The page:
For awhile now, birds have been somewhat scarce as is usual up here in winter, and I’ve been thinking that I would just have a few sunset/sunrise pictures and nothing more to post.
Except a few for a few days last week there haven’t even been noticeable sunrises or sunsets, just more or less light coming through the fog and clouds. In looking back through my photos, however, I have found a few bird and moose photos, including a few taken today. Although Downy Woodpeckers are our usual yard woodpeckers, a Hairy Woodpecker visited last week and busily ate peanut butter before disappearing.
Of course, there are the Common Redpolls, with 30-60 being around on and off most days.
To keep the redpolls on the alert a Sharp-shinned Hawk lurked around the yard and on the porch a couple of days.
Down the street two days ago, a mama moose and her yearling made an appearance, nibbling on the neighbors’ trees and bushes and ignoring passing cars and the neighbor across the street.
Today when I drove out west of our house to try to see a few birds for the Great Backyard Bird Count, and to try to find the Northern Hawk Owl that has been seen out toward the airport, I first saw many Common Ravens and at first I thought that was all I was going to see.
But right where previously reported, the Hawk Owl was perched up on a snag almost invisible at times in the rapidly falling snow. It flew to another nearer snag, watched me and preened as I photographed, and stayed until I finally decided I had enough snowy photos.
Soon after that I found a grazing moose, which I again felt obliged to stop and photograph.
It is still snowing, and I gather that a total of a few inches is expected today.
Although all the birds up here in Alaska, where it is usually cold at this time of the year, are often hungry in this snow-covered world, I will just mention the three most obvious hungry species in our yard lately, which are Mallards, the previously discussed Northern Goshawk and Common Redpolls.
Lately, every morning even when it is dark, every late afternoon (about 5 pm) and every evening until long after dark, there are Mallards down in our back yard, either eating madly, dozing or rapidly trying to escape our neighborhood Northern Goshawk. I don’t have any Mallard pictures here, but below is a picture of the Goshawk taken three evenings ago, which I watched through the window catch a male Mallard.
As I stared out the window at the struggling Mallard I realized that I needed to try to rescue it. I raced outside, causing the Goshawk to flee at the last minute and the still alive Mallard to dive under the porch overhang into the farthest corner. The Goshawk returned and sat on the fence looking for its escaped prey, then flew up to our closest birch tree and finally left, because I did not leave. The male Mallard stayed put under the porch. Eventually the other Mallards returned and ate, but the bird under the porch appeared too traumatized and/or too injured to come out. Time passed and I eventually decided to see if the cowering Mallard could/would come out. It was still alive and could walk, and I could not see any injuries so I gently herded it toward its fellows. It joined them but did not eat and just sat at the water dish. The rest of the Mallards flew away for the night but this one did not even attempt to fly, so I gently herded it back under the porch, hoping it would rest and recuperate overnight. Of course, later when it was time for our dog to go out I could not let him run free but had to keep him on a short leash away from the duck. The next morning there was no sign of the duck, and no feather piles indicating he had been killed, so presumably, he flew away.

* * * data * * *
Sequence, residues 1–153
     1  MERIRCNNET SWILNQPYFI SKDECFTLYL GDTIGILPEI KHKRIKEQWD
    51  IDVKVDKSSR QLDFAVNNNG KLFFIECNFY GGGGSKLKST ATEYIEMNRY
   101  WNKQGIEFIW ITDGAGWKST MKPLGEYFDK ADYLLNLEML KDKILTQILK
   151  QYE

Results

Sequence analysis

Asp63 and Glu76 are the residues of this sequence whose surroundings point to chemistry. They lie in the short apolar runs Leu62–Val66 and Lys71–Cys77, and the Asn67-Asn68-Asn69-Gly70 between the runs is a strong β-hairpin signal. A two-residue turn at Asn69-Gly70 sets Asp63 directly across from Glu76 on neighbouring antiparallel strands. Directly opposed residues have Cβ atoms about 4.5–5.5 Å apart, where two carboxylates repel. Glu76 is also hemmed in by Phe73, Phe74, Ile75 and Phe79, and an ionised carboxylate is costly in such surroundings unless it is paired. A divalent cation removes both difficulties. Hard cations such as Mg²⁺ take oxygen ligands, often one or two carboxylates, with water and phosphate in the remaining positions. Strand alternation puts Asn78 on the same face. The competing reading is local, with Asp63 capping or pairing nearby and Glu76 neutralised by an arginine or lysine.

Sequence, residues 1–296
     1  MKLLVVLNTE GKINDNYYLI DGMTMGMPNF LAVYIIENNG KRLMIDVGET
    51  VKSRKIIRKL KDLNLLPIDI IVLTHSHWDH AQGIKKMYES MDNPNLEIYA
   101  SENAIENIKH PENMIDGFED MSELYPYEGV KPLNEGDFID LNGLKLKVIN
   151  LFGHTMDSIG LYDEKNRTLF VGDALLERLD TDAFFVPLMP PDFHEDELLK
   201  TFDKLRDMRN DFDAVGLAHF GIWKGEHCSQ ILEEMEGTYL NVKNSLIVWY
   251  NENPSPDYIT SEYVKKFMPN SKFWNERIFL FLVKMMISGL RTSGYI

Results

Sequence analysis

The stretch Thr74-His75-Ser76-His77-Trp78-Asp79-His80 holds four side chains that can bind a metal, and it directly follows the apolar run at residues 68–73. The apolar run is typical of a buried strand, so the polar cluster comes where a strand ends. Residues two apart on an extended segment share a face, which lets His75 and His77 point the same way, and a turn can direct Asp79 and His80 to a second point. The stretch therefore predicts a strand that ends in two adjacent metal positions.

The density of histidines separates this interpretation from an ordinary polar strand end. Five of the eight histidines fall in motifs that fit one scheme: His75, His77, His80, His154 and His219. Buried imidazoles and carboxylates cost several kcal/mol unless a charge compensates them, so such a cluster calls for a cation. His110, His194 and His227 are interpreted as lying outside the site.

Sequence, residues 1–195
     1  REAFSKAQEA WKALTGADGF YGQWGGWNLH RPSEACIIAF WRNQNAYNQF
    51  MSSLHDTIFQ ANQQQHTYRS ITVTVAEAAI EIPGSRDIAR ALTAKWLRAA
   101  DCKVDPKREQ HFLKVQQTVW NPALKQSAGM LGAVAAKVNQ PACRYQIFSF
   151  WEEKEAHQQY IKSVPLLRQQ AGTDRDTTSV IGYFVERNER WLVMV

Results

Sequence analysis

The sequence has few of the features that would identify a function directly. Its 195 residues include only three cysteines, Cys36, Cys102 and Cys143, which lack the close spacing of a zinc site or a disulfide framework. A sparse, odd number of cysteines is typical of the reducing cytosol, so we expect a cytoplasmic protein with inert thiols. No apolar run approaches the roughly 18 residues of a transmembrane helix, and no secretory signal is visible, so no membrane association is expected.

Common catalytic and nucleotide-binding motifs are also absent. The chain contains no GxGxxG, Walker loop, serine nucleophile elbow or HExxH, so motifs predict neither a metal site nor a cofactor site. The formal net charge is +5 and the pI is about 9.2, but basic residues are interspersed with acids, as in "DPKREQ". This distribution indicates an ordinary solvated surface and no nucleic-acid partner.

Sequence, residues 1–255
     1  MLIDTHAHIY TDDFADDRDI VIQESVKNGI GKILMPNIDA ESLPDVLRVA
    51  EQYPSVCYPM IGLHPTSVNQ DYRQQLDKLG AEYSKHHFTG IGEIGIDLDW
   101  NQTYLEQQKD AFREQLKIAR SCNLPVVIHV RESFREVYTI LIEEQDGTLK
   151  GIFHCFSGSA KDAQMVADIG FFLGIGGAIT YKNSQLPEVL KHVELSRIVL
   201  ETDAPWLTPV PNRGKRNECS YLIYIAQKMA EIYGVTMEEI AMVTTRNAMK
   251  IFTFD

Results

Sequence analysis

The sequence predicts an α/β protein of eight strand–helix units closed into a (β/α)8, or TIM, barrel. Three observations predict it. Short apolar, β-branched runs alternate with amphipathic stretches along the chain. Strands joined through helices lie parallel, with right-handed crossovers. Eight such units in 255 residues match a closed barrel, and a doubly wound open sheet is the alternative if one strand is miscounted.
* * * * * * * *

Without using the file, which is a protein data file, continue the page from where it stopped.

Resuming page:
Last night when I put out corn and the Mallards again arrived, the Goshawk immediately also arrived nearly flying into me in its attempt to get a Mallard, which of course scattered the panicked Mallards away. I had hardly gotten up the steps to go back inside when the hungry Mallards returned, immediately bringing the Goshawk back to our yard barreling again into the frantic midst of the ducks, maybe 15 feet from me. Again everyone left, but I stayed outside until the Mallards came back in a few minutes, and I kept guard over them until all the food was gone and the Mallards had all gone.
Tonight the Mallards came and stayed for a couple of hours, but no Goshawk. For which I was thankful. I know the hungry Goshawk will get more Mallards, but I would just as soon that it did not happen in my yard, at least when I am there to watch it. Life is hard for all concerned – the Mallards, the Goshawk and me.
On a much cheerier note, this is clearly a Redpoll winter in Anchorage (and I understand that is the case in Fairbanks as well). Some winters there are very few around our yard. For the last week or so at many times throughout the day they have been coming in waves of 40-300 or more to our yard, swarming over all the feeder and porch surfaces on which I have spread seed (“Redpoll Blend” sold at the local feed store), as well as hopping on the snow-covered ground and clinging to all the birch branches. Although they take off often and flit about a lot, they keep coming back and are very tame. Without much effort, I have a couple of times walked out on to the porch while they are there, approached them with seed in my hands, and had them hop on my hand at eat. While they do have known predators, a Sharp-shinned Hawk and a Northern Shrike that have both recently visited our porch too, I haven’t yet had the misfortune of witnessing any Redpoll deaths.